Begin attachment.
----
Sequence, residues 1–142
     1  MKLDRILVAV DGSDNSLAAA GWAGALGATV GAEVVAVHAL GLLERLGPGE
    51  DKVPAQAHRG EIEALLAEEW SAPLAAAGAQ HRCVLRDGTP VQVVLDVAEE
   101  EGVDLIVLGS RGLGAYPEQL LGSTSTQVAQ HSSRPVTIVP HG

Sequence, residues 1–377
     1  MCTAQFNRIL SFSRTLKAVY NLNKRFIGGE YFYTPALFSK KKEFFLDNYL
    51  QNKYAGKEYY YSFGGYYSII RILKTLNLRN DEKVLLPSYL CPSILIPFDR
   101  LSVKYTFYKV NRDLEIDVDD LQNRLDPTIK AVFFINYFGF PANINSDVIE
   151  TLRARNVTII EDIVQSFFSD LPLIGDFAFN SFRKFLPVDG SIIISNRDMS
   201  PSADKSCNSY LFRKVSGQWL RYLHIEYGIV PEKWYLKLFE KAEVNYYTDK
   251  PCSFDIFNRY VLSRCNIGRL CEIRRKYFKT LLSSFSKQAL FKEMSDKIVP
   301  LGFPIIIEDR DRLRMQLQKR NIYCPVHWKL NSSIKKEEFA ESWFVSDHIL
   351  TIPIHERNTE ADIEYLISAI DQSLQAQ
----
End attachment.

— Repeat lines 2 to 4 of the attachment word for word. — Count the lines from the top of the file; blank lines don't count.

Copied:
     1  MKLDRILVAV DGSDNSLAAA GWAGALGATV GAEVVAVHAL GLLERLGPGE
    51  DKVPAQAHRG EIEALLAEEW SAPLAAAGAQ HRCVLRDGTP VQVVLDVAEE
   101  EGVDLIVLGS RGLGAYPEQL LGSTSTQVAQ HSSRPVTIVP HG